locally testable
A regular language $L$ over an alphabet $\mathrm{\Sigma}$ is locally testable if, loosely speaking, testing whether or not an arbitrary word $u$ (over $\mathrm{\Sigma}$) is in $L$ is completely determined by its subwords of some fixed length. The name locally testable comes from the fact that properties of $u$, and not $L$, determine the membership of $u$ in $L$.
To formalize this notion, we first define, for any word $u$ over $\mathrm{\Sigma}$, the set ${\mathrm{sw}}_{k}(u)$ of all subwords of
$$\mathrm{\#}u\mathrm{\#}$$ 
of length $k$, where $\mathrm{\#}$ is a symbol not in $\mathrm{\Sigma}$.
Definition. We say that a regular language $L$ is $k$testable if for any $u,v\in {\mathrm{\Sigma}}^{*}$ such that
$${\mathrm{sw}}_{k}(u)={\mathrm{sw}}_{k}(v),$$ 
we have $u\in L$ iff $v\in L$. The equation above says three things at once:

•
the set of subwords of $u$ of length $k$ is equal to the set of subwords of $v$ of length $k$,

•
the prefix of $u$ of length $k$ is equal to the prefix of $v$ of length $k$, and

•
the suffix of $u$ of length $k$ is equal to the suffix of $v$ of length $k$.
We say that $L$ is locally testable if it is $k$testable for some $k\ge 0$.
If we denote $\mathcal{T}(k)$ the family of all $k$testable languages^{}, and $\mathcal{T}(\mathrm{\infty})$ the family of all locally testable languages, then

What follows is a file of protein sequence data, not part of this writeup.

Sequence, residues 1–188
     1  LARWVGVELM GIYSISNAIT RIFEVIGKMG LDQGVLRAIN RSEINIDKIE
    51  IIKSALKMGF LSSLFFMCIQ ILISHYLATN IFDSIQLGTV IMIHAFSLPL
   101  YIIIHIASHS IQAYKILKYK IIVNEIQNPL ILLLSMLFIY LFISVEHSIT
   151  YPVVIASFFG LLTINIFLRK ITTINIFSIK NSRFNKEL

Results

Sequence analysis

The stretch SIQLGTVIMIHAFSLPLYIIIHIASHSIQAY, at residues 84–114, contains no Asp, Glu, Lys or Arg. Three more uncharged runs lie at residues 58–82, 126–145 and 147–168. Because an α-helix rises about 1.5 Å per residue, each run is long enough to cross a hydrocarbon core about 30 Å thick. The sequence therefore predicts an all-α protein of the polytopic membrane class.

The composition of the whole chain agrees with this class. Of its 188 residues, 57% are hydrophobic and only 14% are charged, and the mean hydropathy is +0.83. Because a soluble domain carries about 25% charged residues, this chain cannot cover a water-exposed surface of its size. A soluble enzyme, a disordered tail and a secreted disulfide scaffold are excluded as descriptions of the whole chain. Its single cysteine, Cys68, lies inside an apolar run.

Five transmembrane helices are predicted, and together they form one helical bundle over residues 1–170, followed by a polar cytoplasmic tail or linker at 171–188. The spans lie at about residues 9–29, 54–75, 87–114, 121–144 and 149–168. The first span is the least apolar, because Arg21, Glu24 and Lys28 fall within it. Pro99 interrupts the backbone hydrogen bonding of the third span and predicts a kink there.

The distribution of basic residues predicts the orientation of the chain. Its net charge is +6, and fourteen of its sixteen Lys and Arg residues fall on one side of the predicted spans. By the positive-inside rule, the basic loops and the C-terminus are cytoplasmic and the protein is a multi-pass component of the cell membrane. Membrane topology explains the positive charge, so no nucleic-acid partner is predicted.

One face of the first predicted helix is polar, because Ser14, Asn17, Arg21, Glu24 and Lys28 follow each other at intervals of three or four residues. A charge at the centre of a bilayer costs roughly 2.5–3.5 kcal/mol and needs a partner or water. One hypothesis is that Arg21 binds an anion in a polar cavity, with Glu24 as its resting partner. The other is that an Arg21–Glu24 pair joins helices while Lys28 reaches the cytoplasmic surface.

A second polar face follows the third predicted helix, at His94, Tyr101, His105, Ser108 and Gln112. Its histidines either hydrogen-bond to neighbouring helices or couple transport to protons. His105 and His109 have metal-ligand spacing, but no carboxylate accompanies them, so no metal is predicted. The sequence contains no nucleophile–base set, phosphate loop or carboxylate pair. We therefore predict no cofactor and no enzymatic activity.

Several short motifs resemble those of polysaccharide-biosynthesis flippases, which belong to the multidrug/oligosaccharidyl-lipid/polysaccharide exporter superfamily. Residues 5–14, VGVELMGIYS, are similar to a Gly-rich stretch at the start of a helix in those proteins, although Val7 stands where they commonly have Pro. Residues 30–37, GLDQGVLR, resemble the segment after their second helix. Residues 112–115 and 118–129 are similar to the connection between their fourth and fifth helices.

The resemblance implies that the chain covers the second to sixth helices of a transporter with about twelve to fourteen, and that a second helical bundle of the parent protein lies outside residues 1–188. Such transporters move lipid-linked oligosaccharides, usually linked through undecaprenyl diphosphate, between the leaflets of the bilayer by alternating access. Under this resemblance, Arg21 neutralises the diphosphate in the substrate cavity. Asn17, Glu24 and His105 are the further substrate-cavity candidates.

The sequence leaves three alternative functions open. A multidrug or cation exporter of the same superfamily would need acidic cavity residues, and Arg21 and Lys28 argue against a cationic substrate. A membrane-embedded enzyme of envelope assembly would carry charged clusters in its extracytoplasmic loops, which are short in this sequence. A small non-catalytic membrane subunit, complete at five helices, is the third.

$$\mathcal{T}(\mathrm{\infty})=\bigcup _{k=0}^{\mathrm{\infty}}\mathcal{T}(k).$$ 
Note that there are only two $0$testable languages: ${\mathrm{\Sigma}}^{*}$ and $\mathrm{\varnothing}$.
Proposition 1.
Let $\mathrm{D}$ be the family of definite languages. Then

1.
$\mathcal{T}(k)\subset \mathcal{T}(k+1)$ for any $k\ge 0$, and the inclusion is strict.

2.
$\mathcal{D}$ and $\mathcal{T}(k)$ are not comparable for any $k>0$. In other words, for every $k$, there is a $k$testable language that is not definite, and a definite language that is not $k$testable.

3.
$\mathcal{D}\subset \mathcal{T}(\mathrm{\infty})$, and the inclusion is strict.
We only sketch the proof here. For the first assertion, note that for every $k\ge 0$,
$${\mathrm{sw}}_{k+1}(u)={\mathrm{sw}}_{k+1}(v)\mathit{\hspace{1em}}\text{implies}\mathit{\hspace{1em}}{\mathrm{sw}}_{k}(u)={\mathrm{sw}}_{k}(v).$$ 
In addition, the language ${\{a{b}^{k}\}}^{*}$ is $(k+1)$testable but not $k$testable. For the second statement, note that ${\{a{b}^{k}\}}^{*}$ is not definite for any $k\ge 0$. On the other hand, a finite language containing a single word of length $k+1$ is not $k$testable. The last assertion is a direct consequence of the second one.
Thus, the families $\mathcal{T}(k)$ provide us with an example of an infinite chain of subfamilies of the family of regular languages.
With regard to the closure properties in $\mathcal{T}(k)$, it is easily see that $\mathcal{T}(k)$ for all $k\ge 0$ including $k=\mathrm{\infty}$, is closed under complementation and intersection^{}, and hence all Boolean operations. The starclosure of $\mathcal{T}(\mathrm{\infty})$ is $\mathcal{R}$, the family of all regular languages.
Remark. Every locally testable language is starfree, but not conversely.
References
 1 A. Salomaa, Formal Languages^{}, Academic Press, New York (1973).
Title  locally testable 

Canonical name  LocallyTestable 
Date of creation  20130322 18:59:03 
Last modified on  20130322 18:59:03 
Owner  CWoo (3771) 
Last modified by  CWoo (3771) 
Numerical id  7 
Author  CWoo (3771) 
Entry type  Definition 
Classification  msc 68Q45 
Classification  msc 68Q42 
Synonym  ktestable 
Defines  $k$testable